DAUN Penh district police on Monday removed a group of about 100 Kampong Cham province villagers from the park near Wat Botum, where they had been camped out in a bid to draw attention to a land dispute with Royal Cambodian Armed Forces soldiers that has so far led to two arrests.
Chab Then, 35, said police came to his village in Memot district on Friday to inform residents that he and five others would be arrested for living illegally on a 225-hectare section of military-owned land, a move that prompted the protesters to travel to Phnom Penh. He added that the villagers hope to bring a complaint against the police and soldiers directly to Prime Minister Hun Sen.
“If I had not come to ask the prime minister for help, I would be facing arrest and violence would happen,” he said. “I will not allow the authorities to arrest me. I have to fight them back.”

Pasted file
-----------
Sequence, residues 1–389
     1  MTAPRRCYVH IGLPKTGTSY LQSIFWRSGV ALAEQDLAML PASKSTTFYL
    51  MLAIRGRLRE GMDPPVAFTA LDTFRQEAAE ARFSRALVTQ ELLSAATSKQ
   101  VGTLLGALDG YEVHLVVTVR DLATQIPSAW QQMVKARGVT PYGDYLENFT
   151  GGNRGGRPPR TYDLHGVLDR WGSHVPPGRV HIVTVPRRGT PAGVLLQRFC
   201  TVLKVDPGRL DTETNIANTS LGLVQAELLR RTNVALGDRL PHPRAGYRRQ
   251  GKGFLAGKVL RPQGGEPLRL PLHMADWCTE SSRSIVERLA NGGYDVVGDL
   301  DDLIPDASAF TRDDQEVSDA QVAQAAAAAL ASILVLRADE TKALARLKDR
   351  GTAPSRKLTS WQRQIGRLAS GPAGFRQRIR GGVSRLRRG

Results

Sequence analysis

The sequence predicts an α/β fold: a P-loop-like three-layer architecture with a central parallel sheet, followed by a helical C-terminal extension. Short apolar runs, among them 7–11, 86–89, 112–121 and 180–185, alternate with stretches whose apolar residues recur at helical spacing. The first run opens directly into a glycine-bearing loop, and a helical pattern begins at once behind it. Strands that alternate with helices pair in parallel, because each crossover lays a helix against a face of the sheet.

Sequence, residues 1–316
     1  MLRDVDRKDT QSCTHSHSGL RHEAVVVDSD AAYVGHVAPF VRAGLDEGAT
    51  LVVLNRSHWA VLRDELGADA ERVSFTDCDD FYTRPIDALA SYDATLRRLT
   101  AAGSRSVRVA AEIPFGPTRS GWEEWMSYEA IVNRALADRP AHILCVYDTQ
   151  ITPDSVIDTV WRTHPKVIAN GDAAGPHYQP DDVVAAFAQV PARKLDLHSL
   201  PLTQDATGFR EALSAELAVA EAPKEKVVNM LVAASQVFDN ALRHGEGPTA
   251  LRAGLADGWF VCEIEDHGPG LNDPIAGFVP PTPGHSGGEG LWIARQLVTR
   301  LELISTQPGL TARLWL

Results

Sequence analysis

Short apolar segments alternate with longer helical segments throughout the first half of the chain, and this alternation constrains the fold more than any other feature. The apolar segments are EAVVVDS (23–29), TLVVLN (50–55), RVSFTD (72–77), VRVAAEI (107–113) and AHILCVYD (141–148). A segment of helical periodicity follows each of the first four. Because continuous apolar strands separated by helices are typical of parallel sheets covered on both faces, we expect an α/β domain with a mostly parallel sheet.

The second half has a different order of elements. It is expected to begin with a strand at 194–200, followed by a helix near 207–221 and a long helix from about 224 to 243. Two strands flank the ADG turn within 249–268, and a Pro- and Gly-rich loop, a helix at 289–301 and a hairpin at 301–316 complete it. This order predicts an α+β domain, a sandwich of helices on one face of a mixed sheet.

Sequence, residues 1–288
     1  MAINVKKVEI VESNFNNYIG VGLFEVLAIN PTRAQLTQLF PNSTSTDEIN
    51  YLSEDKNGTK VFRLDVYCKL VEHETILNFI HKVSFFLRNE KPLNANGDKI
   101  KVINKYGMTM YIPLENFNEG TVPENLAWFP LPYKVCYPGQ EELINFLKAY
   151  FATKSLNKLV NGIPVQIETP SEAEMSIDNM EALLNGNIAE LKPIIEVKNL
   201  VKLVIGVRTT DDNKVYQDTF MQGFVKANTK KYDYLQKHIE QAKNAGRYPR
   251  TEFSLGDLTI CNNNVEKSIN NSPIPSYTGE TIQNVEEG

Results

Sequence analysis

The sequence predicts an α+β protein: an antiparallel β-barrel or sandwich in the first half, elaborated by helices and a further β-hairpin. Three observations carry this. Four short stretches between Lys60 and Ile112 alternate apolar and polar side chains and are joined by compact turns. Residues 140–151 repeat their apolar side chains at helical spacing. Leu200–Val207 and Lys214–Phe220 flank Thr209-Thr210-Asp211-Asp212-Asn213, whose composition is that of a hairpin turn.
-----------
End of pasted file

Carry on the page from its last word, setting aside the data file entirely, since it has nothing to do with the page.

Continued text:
The families claim to have lived on the land – which currently holds cassava crops and rubber trees – since 1979, but an August 2007 provincial court decision handed it over to RCAF soldiers in Memot district.
Chres Yok, 53, who was among those gathered at Wat Botum, was arrested on May 12 along with 48-year-old Nang Phuon, who remains behind bars. Both have been called for questioning in connection with a complaint they filed against the RCAF soldiers.
“They use their power to take our land and threaten to arrest us,” Chres Yok said Monday.
Hun Sothy, the Daun Penh district police chief, said the villagers were sent home on Monday afternoon because their presence was creating a disturbance.
Military and court officials in Kampong Cham could not be reached for comment Monday.
Ros Sakhon, deputy governor of Memot district, said he can’t intervene to help the villagers because the land is registered in the name of Hem Khorn, who he said is an RCAF official.